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Author Notes:

Colin R. Cooke, MD, MSc; Division of Pulmonary & Critical Care Medicine, University of Michigan, Ann Arbor, MI. 6312 Medical Sciences Bldg. I, 1150 W. Medical Center Drive, Ann Arbor, MI, 48109-5604. Email: cookecr@umich.edu.

Dr. Cooke had full access to all of the data in the study and takes responsibility for the integrity of the data and the accuracy of the data analysis.

This work was performed at the University of Michigan and Emory University.

Dr. Eisner is a full-time employee of Genentech, Inc.

Dr. Cooke has not disclosed any potential conflicts of interest.

Subjects:

Research Funding:

This work was possible due to the support of the Robert Wood Johnson Foundation Clinical Scholars program (Dr. Cooke), Atlanta Clinical and Translational Science Institute KL2 RR-025009 (Dr. Erickson), and NIH FD R01-003440 (Dr. Martin).

Keywords:

  • Science & Technology
  • Life Sciences & Biomedicine
  • Critical Care Medicine
  • General & Internal Medicine
  • acute lung injury
  • epidemiology
  • health status disparities
  • international classification of diseases
  • National Hospital Discharge Survey
  • respiratory failure
  • ACUTE LUNG INJURY
  • TIDAL VOLUME VENTILATION
  • INTENSIVE-CARE-UNIT
  • QUALITY-OF-CARE
  • DISTRESS-SYNDROME
  • SEVERE SEPSIS
  • MULTIPLE IMPUTATION
  • BLACK PATIENTS
  • MORTALITY
  • STATES

Trends in the incidence of noncardiogenic acute respiratory failure: the role of race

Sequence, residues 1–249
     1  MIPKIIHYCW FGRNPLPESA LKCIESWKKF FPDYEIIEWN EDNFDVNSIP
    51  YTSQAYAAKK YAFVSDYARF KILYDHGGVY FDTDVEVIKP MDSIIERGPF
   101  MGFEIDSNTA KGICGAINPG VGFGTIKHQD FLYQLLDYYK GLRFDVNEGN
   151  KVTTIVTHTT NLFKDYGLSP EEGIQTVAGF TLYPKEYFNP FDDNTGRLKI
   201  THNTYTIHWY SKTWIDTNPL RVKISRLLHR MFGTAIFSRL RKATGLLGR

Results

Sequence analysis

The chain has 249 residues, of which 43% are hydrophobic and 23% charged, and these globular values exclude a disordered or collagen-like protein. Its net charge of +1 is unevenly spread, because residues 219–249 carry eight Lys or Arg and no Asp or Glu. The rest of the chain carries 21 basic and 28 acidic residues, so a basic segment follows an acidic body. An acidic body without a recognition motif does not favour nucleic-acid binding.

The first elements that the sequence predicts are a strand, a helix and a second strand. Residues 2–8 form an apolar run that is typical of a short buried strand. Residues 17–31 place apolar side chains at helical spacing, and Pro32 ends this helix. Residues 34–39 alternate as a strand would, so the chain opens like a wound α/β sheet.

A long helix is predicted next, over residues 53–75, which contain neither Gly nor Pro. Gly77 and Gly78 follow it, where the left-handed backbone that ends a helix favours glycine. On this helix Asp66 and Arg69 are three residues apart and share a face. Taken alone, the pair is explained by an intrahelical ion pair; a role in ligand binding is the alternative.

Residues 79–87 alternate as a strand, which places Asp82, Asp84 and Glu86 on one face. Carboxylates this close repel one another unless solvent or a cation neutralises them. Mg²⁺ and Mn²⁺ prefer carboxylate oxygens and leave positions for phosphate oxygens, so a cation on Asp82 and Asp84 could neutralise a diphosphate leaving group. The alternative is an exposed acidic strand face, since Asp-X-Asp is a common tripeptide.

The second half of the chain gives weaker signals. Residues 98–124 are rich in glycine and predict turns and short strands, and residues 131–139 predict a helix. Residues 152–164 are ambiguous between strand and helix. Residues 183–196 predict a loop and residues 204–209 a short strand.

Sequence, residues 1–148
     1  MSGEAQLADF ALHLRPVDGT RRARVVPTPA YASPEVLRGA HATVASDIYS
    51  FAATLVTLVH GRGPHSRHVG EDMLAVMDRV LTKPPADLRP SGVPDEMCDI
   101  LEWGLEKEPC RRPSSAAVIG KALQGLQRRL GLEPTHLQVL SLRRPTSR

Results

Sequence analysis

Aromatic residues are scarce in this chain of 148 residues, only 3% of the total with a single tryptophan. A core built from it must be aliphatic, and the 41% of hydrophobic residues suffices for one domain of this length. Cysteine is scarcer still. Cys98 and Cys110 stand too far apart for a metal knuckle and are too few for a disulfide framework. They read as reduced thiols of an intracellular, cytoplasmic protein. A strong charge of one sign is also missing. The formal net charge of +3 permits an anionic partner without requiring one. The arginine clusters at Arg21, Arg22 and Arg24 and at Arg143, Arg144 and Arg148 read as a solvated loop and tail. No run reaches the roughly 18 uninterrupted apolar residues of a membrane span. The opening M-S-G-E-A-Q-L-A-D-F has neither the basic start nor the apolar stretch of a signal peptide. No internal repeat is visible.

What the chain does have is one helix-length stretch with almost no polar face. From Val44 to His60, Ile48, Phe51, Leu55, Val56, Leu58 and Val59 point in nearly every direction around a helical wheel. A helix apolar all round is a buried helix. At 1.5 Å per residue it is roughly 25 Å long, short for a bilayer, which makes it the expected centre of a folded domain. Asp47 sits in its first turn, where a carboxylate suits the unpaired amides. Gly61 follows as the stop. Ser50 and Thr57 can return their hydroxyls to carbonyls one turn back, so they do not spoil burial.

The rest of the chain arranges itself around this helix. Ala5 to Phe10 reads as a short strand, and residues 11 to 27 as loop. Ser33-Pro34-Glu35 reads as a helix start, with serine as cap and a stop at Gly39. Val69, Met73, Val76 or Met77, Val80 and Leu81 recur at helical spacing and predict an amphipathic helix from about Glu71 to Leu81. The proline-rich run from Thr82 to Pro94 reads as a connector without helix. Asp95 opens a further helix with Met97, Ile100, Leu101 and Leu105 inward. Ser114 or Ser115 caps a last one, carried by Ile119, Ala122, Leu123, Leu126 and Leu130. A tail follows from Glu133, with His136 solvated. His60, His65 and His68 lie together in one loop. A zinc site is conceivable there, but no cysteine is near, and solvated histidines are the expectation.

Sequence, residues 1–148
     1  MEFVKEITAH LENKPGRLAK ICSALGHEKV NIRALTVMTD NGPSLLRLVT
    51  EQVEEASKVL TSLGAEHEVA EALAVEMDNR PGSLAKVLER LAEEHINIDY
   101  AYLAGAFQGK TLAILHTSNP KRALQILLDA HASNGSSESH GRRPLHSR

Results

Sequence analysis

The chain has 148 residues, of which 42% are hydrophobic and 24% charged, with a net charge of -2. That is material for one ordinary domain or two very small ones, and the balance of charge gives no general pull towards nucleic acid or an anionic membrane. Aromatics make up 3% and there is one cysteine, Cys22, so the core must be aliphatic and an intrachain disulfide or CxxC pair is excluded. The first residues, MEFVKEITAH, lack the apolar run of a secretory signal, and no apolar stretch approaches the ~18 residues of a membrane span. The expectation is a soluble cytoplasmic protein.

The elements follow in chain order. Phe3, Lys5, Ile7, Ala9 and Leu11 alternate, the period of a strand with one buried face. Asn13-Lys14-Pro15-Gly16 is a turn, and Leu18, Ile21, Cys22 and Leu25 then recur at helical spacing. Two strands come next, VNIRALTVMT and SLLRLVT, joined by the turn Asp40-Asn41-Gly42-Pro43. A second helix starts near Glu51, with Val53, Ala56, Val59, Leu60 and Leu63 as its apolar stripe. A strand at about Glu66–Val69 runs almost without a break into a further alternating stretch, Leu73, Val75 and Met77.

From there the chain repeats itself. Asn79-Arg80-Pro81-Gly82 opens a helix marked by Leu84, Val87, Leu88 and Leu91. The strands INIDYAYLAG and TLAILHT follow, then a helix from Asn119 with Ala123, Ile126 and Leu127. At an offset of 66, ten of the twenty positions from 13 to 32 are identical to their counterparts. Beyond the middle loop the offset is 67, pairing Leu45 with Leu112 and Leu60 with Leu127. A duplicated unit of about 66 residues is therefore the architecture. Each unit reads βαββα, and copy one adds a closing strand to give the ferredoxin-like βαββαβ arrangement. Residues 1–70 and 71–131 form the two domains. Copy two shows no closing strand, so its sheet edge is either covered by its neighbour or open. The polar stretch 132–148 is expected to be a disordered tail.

Tools:

Journal Title:

Critical Care Medicine

Volume:

Volume 40, Number 5

Publisher:

, Pages 1532-1538

Type of Work:

Article | Post-print: After Peer Review

Abstract:

We sought to examine trends in the race-specific incidence of acute respiratory failure in the United States. Design: Retrospective cohort study. Setting: We used the National Hospital Discharge Survey database (1992-2007), an annual survey of approximately 500 hospitals weighted to provide national hospitalization estimates. Patients: All incident cases of noncardiogenic acute respiratory failure hospitalized in the United States. INTERVENTIONS:: None. Measurements and Main Results: We identified noncardiogenic acute respiratory failure by the presence of International Classification of Diseases, Ninth Revision, codes for respiratory failure or pulmonary edema (518.4, 518.5, 518.81, and 518.82) and mechanical ventilation (96.7×), excluding congestive heart failure. Incidence rates were calculated using yearly census estimates standardized to the age and sex distribution of the 2000 census population. Annual cases of noncardiogenic acute respiratory failure increased from 86,755 in 1992 to 323,474 in 2007. Noncardiogenic acute respiratory failure among black Americans increased from 56.4 (95% confidence interval 39.7-73.1) to 143.8 (95% confidence interval 123.8-163.8) cases per 100,000 in 1992 and 2007, respectively. Among white Americans, the incidence of noncardiogenic acute respiratory failure increased from 31.2 (95% confidence interval 26.2-36.5) to 94.0 (95% confidence interval 86.7-101.2) cases per 100,000 in 1992 and 2007, respectively. The average annual incidence of noncardiogenic acute respiratory failure over the entire study period was 95.1 (95% confidence interval 93.9-96.4) cases per 100,000 for black Americans compared to 66.5 (95% confidence interval 65.8-67.2) cases per 100,000 for white Americans (rate ratio 1.43, 95% confidence interval 1.42-1.44). Overall in-hospital mortality was greater for other-race Americans, but only among patients with two or more organ failures (57% [95% confidence interval 56%-59%] for other race, 51% [95% confidence interval 50%-52%] for white, 50% [95% confidence interval 49%-51%] for black). Conclusions: The incidence of noncardiogenic acute respiratory failure in the United States increased between 1992 and 2007. Black and other-race Americans are at greater risk of developing noncardiogenic acute respiratory failure compared to white Americans.

Copyright information:

© 2012 by the Society of Critical Care Medicine and Lippincott Williams & Wilkins.

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